Introducing Purple Sock Day and the social enterprise behind it

As part of our Accelerate channel, Andrew Douglass, CEO at Parallel, takes us on his journey to support the D/deaf, disabled and neurodivergent community, and the idea behind Purple Sock Day.

Meaningful Business (MB:) Tell us about Parallel and the challenges and barriers faced by disabled people that inspired you to set it up

Andrew Douglass (AD:) Parallel is a social enterprise with a mission to ‘support the D/deaf, disabled and neurodivergent community to be free to live life to the full in mainstream society. We aim to achieve this through an attitude of ‘No Limits Living.’


Disabled people face daily societal barriers accessing health, education, transportation, information, and work services. Furthermore, attitudes towards disabled people are also shaped by negative stereotypes in belief systems, literature, film, and TV; fuelling fear, ignorance, mistrust and in many instances, hate.


Putting this into numbers, there are one billion disabled people in the world, which means that 20% of the world’s population is mostly excluded from mainstream society. If we do not think we should worry about that, 80% of disabilities are actually acquired between the ages of 18 and 64. If we then look at our children, 240 million have a disability – that is 1 child out of 10! Disabled children are also 49% more likely to have never attended school compared with children without disabilities.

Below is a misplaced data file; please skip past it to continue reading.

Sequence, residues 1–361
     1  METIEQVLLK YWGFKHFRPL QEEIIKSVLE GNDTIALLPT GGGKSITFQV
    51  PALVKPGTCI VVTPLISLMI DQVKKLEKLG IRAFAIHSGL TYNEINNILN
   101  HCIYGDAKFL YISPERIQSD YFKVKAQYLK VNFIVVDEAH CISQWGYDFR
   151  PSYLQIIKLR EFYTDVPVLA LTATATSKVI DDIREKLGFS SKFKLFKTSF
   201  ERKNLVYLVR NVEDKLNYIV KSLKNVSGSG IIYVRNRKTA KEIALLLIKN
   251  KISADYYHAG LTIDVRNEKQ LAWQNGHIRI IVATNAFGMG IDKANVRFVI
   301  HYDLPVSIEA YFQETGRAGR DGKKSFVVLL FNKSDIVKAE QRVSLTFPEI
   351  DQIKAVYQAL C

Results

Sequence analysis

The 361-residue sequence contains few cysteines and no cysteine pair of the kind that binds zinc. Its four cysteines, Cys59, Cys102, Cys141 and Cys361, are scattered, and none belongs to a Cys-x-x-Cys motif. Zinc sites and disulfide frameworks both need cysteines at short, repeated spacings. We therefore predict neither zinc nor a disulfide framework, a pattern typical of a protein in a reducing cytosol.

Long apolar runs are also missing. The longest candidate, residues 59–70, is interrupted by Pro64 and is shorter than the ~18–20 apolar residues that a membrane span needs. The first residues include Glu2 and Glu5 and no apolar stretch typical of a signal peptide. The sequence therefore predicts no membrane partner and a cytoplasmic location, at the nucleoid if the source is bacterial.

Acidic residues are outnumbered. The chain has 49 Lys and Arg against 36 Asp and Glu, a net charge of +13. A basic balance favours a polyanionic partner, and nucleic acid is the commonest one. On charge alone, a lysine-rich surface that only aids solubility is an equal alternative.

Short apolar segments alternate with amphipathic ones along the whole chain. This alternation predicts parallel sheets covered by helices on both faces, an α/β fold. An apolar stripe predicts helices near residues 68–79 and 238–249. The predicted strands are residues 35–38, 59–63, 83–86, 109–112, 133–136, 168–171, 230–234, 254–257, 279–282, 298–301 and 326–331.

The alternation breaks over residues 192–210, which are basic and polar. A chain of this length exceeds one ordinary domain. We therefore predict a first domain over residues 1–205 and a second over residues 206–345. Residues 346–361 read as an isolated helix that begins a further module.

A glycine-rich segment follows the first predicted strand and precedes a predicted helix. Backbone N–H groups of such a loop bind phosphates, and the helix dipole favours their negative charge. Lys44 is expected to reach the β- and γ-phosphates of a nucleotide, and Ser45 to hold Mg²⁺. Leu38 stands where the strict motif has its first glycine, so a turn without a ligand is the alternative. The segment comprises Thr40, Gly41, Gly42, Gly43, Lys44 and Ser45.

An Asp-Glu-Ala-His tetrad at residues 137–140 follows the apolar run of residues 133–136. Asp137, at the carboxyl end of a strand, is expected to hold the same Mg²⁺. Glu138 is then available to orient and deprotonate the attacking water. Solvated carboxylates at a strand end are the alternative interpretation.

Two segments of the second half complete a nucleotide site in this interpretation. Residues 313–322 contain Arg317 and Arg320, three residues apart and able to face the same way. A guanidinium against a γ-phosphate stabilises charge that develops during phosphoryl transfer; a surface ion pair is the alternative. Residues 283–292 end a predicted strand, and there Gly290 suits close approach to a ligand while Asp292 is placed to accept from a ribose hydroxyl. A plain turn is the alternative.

I believe building a more inclusive and equitable world will have a positive impact on millions of peoples’ lives, benefit our economies and further enrich our society.


MB: What are the opportunities for disabled people that Parallel has created? Are there any stories you can share?

AD: Our focus has been to level up opportunities at our flagship event. We enable beneficiaries of charity to become benefactors. So often, disabled people or families do not have the opportunity to take part in fundraising for the charities that support them. If they are allowed to do so, it is so powerful. We have so many uplifting stories of disabled people raising money for their communities, which creates purpose and a sense of belonging.


We also have a policy to work with disabled-owned businesses at our event. This gives these organisations invaluable experience to work on a major event and gain experience, which leads to further opportunities within the event industry.